According to the Skin Cancer Foundation, by using sunscreens on your baby starting at the age of six months, you could reduce his or her chances of developing skin cancer later in life.
The foundation says a baby's skin is less able to protect itself from injuries including sunburn. A sunburn can be dangerous to infants and toddlers. It can cause dehydration, fever, faintness, delirium, shock, low blood pressure and irregular heartbeat.If a baby less than one year old gets a sunburn, treat it as a medical emergency and call a doctor immediately. If the child is over a year old, call the doctor if there is severe pain, blistering, lethargy or a fever over 101 degrees F.
Rules of thumb to follow regarding your child's exposure to the sun:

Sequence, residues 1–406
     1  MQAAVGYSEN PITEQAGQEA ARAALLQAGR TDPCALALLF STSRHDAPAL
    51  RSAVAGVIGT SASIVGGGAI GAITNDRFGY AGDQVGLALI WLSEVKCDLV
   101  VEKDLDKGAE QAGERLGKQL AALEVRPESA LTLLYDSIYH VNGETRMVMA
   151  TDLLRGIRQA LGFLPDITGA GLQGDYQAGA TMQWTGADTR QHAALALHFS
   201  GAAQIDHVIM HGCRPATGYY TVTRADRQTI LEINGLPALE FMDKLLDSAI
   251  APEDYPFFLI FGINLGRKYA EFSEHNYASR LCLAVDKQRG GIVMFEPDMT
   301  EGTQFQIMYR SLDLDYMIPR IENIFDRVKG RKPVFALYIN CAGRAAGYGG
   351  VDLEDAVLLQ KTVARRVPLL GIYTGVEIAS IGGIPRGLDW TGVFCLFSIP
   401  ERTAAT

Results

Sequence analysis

- Do not use sunscreen on babies less than six months old. Keep them out of the sun entirely. Use carriage hoods, canopies and umbrellas.
- For children six months old or older, avoid the hours from 10 a.m. to 3 p.m., when the sun is its most intense.
- Limit the time spent in the sun regardless of hour or season.
- Cover up with hats and clothing, the more tightly woven, the better. A broad-brimmed hat is a must to shade ears, nose and lips. It may also reduce your baby's risk of cataracts later in life.
- Apply a sunscreen of SPF 15 or greater to your child's body. Reapply every two hours.
- Some medicines make skin sun-sensitive. If your child is taking medication, ask your doctor if sun should be avoided.
- Don't be fooled by overcast days. Damaging rays can penetrate clouds and haze.
- Never put baby oil on your baby before he goes outside. It makes the skin translucent and solar rays pass through more easily.